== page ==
July 5, 1974

Report Outline
Trend Toward ‘Whole Human’ Approach
Biofeedback: Mind-Body Links Revealed
New Assault on Psychosomatic Disorders
Receptivity to Exotic Medical Art Forms

Trend Toward ‘Whole Human’ Approach

The mystical interaction of mind and body in maintaining—or disrupting—human health was recognized intuitively long before the advent of modern medicine. So it would have been no surprise to the ancients to learn that certain men of science today are trying to “teach” patients how to relieve or cure physical ailments by concentrating their mental faculties on that goal. This remarkable process is known as “biofeedback,” a term redolent of the age of technology although its effects, if validated, are more suggestive of black magic. Nor would the ancients have been surprised to learn that other men of science are trying to reduce patients' mental and emotional miseries by dosing them with various miraculous potions or by cutting into their brains. Scientists call these measures “psychopharmacology” and “psychosurgery,” but despite the scientific non-menclature, these procedures also have mystic overtones.

Meanwhile, modern medicine is showing new respect for exotic therapeutic techniques developed outside the western tradition, which has relied mainly on “hard fact” knowledge provided by the scientific method. Scientists long have acknowledged the beneficial effects of herbal medicine used by primitive peoples, especially when the plant's chemical properties were assisted by the powers of “faith healing.” A number of medically useful modern drugs have been developed from herbal sources.

Respect for folk medicine was boosted 20 years ago when clinical trials proved the efficacy of the first tranquilizing drug, Reserpine, derived from a plant that had been used medicinally in India for more than 3,000 years. Now Western doctors are giving credence to evidence that acupuncture—practiced in China since 2500 B.C.—can suppress pain, even though science still cannot explain how or why it works.

ISSUE TRACKER for Related Reports
Mental Health
Mar. 24, 2023  Aging and Mental Health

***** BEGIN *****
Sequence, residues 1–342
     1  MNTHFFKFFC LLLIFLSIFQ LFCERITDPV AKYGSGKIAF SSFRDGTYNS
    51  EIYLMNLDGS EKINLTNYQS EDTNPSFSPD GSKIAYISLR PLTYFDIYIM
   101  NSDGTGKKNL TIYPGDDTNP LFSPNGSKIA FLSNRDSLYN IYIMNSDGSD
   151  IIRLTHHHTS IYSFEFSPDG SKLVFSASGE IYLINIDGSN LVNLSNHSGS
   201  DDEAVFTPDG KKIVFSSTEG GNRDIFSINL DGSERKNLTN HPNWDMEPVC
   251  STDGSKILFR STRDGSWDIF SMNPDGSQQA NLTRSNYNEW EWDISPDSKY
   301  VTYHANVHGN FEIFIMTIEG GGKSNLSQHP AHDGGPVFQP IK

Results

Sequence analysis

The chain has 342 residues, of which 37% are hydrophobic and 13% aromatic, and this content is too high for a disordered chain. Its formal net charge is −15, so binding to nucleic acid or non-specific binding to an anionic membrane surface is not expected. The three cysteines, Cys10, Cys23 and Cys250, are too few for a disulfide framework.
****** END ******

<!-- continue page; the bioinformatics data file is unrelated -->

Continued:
Jul. 01, 2022  Youth Mental Health
Jul. 31, 2020  COVID-19 and Mental Health
Oct. 11, 2019  The Insanity Defense
Jul. 12, 2019  Suicide Crisis
Mar. 13, 2015  Prisoners and Mental Illness
Dec. 05, 2014  Treating Schizophrenia
Sep. 12, 2014  Teen Suicide
May 10, 2013  Mental Health Policy
Aug. 03, 2012  Treating ADHD
Jun. 01, 2012  Traumatic Brain Injury
Jun. 26, 2009  Treating Depression
Feb. 13, 2004  Youth Suicide
Feb. 06, 2004  Mental Illness Medication Debate
Mar. 29, 2002  Mental Health Insurance
Feb. 08, 2002  Treating Anxiety
Jul. 16, 1999  Childhood Depression
Jun. 18, 1999  Boys' Emotional Needs
Sep. 12, 1997  Mental Health Policy
Aug. 19, 1994  Prozac
Aug. 06, 1993  Mental Illness
Oct. 09, 1992  Depression
Jun. 14, 1991  Teenage Suicide
Jul. 08, 1988  Biology Invades Psychology
Feb. 13, 1987  The Mentally Ill
Aug. 20, 1982  Mental Health Care Reappraisal
Jun. 12, 1981  Youth Suicide
Sep. 21, 1979  Mental Health Care
Sep. 15, 1978  Brain Research
Jul. 05, 1974  Psychomedicine
Aug. 08, 1973  Emotionally Disturbed Children
Dec. 27, 1972  Mental Depression
Mar. 24, 1972  Schizophrenia: Medical Enigma
Apr. 21, 1971  Approaches to Death
Mar. 03, 1971  Encounter Groups
Nov. 25, 1970  Psychological Counseling of Students
Feb. 19, 1969  Future of Psychiatry
Feb. 02, 1966  New Approaches to Mental Illness
Jan. 22, 1964  Insanity as a Defense
Sep. 25, 1963  Anatomy of Suicide
Nov. 20, 1957  Drugs and Mental Health
Apr. 23, 1954  Mental Health Programs
Jul. 09, 1948  Mental Health
Biology and Life Sciences
Mental Health